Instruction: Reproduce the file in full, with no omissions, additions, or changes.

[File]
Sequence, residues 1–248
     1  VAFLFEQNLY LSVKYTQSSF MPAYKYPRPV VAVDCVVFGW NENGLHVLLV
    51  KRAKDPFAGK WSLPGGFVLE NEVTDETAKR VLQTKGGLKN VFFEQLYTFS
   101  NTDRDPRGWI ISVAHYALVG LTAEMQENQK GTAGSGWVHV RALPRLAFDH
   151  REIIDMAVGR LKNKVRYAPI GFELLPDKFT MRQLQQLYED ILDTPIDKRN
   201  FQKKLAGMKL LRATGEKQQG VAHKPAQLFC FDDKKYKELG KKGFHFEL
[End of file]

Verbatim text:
Sequence, residues 1–248
     1  VAFLFEQNLY LSVKYTQSSF MPAYKYPRPV VAVDCVVFGW NENGLHVLLV
    51  KRAKDPFAGK WSLPGGFVLE NEVTDETAKR VLQTKGGLKN VFFEQLYTFS
   101  NTDRDPRGWI ISVAHYALVG LTAEMQENQK GTAGSGWVHV RALPRLAFDH
   151  REIIDMAVGR LKNKVRYAPI GFELLPDKFT MRQLQQLYED ILDTPIDKRN
   201  FQKKLAGMKL LRATGEKQQG VAHKPAQLFC FDDKKYKELG KKGFHFEL